I still feel weird stepping out on the mat with a blue belt around my waist. Not only because it's new and slippery and wants to come undone. It's just... strange :-)
On the one hand I feel like maybe I have more responsibility. On the other hand, I'm pretty relaxed. I don't feel (so far) that I have a target on my back, that I need to prove anything or that there are sudden higher expectations which I must fulfill. The guys have been great. Oh, I get teased. How much the belt suits the colour of my eyes. One guy keeps saying he wants to roll with the champ. And there's the "now that you are a blue belt.." sort of stuff :-)
To be honest, it worried me to begin with, but now that I know the sky isn't falling on my head, I'm enjoying myself. With the comp over, I can experiment to my heart's content. Both with new techniques and with modifying ones I already know. Rolling is more fun all the time.
Keeping up with the theme of basics, we worked on guard passing on Friday night. For a change, it was only a very small class. One of the senior blue belts took it, then there was myself, and three guys. One of them with only a couple of classes behind him. I had the new guy for a while and was reminded how much people rely on muscles :-). We went from some drills to free guard passing against minimal resistance, then to guard passing against more resistance with the bottom person really working on breaking down posture. And finally free rolling. I mainly rolled with the two more experienced white belts. When it came to rolling, one came in grinning, called me champ and ran around to my back to attack. Silly bastard :-) We had a lively roll. I had him in a crucifix which I lost when I was experimenting. From then it was a tangle of arms and legs with several sub attempts from both of us, because this guy is pretty fast. I had a ball. He kneed me in the back of the head on an armbar attempt. We stopped to check for damage but it was time anyway.
Then we did a warm down. Oh yeah. 100 crunches. Push ups. Hold pushup position with arm/legs off the floor. Hold halfway down. Just hold for two minutes. Ha, that was funny, too. Hold the position came last, with arms & backs already tired. First he said let's hold for a minute. Cool. Two of the guys were groaning. Then he said how about two minutes? I said cool. That instantaneously led to the collapse of one of them :-) Another failed seconds later. Hehe. I don't know why, but I really find that quite easy.
Then he said, ok, let's wrestle some more. Arrright. I will say I wasn't too fresh by this stage... But the two guys I wrestled were my size or smaller, so I was going quite well. Finally, the blue belt wanted a roll. And then it was kick my arse time :-) Oh well. He always explains stuff after he catches me out and he's shown me loads of stuff. But I did feel I was getting it dished out to me. I think the best bit was when he decided to congratulate me on the new belt whilst applying a pretty nasty crossface and then ripping my arm out. Haha, fun times.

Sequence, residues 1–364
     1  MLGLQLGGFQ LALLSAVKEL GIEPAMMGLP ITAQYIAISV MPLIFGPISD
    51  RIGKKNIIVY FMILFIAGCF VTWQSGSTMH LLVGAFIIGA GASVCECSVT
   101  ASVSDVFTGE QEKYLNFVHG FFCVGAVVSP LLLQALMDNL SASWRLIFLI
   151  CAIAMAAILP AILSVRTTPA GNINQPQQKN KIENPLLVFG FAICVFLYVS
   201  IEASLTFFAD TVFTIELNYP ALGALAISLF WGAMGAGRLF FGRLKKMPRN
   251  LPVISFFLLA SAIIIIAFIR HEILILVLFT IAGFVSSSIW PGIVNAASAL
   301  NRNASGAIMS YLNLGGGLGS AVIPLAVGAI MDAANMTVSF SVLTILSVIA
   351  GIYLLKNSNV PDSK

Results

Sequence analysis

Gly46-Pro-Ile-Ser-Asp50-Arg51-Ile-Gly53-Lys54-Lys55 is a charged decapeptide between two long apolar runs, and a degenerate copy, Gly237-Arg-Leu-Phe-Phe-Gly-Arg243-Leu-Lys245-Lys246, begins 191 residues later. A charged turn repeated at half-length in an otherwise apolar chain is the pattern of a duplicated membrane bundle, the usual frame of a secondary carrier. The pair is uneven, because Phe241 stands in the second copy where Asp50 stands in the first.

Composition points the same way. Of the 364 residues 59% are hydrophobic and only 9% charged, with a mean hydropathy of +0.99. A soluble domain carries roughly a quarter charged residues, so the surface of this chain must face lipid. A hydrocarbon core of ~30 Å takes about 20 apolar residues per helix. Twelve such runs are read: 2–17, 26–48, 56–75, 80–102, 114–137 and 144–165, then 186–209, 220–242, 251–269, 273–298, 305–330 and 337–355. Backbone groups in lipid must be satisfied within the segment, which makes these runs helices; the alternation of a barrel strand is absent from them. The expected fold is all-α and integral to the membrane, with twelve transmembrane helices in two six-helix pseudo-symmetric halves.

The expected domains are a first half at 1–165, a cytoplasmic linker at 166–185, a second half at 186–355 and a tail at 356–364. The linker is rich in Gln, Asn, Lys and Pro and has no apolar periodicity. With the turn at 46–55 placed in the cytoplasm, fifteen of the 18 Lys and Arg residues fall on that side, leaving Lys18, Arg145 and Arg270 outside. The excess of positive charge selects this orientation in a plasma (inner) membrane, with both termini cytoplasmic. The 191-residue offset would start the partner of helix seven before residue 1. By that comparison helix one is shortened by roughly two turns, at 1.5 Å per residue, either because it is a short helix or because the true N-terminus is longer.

Saturday class was also reasonably small. Before the class, one of the brown belts showed me a couple of new things which he picked up from John Will and Rigan Machado down in Geelong. He couldn't stay for class, but we had a few minutes before it started.
First thing was a refinement of the standing open guard pass to knee ride. That was one of the passes we had worked on in Rigan's seminar last Sunday. Then he showed me a way to break the gable grip around the legs if someone is doing a double underpass. It's combination of making heavy legs and arching up. Next technique was a defence against the standing pass to attempted knee ride. You have to do a bit quick for this one. As he steps around my legs on my right side, I roll onto my left elbow, rock back onto my left shoulder and get my legs up. I then swing the legs in a circular motion to the right, rocking onto the the right shoulder and then the right hip, which either gets him back in my closed guard or a triangle. But you have to be quick, otherwise....
The last technique he showed me was a side control escape straight to d'arce. We didn't have a lot of time, so I only tried that one once. I'm mulling it over in my head and will have try it again a few times. But very interesting!
When class started, I took the warmup. Then I was partnered with the young, small guy. We drilled guard passing again, and the new guys were shown and drilled the figure four from guard. Then we went on to free guard passing with a bit then more resistance. And finally the bottom person was allowed subs. My partner and I were the most experienced pair on the mat, so we were sent up one end and mostly left to our own devices.
On the suggestion of our instructor, I worked on standing guard passes. With a light guy like that, it doesn't tax my back too much, and I can actually pick him up. When on the bottom, I made sure I gave him lots of problems to solve, but I ensured that he had some successes when he did something correctly. I showed him some of the several things one can do to slow down guard passing, such as move aside when the passer puts the knee in the middle, stiff arming, heavy leg on the under pass and such things. I showed him one of the crushing guard passes and then how if you don't control the arm, the bottom person will climb on your back. He's very ego free and thinks it's really cool when you catch him in something. But then I always show him what I did and what he might do to avoid it. And he picks stuff up fast. I was busy having a good roll with him and was busy taking his back, when I was told to "put that boy down!" :-). I made disappointed noises and we all laughed. End of class.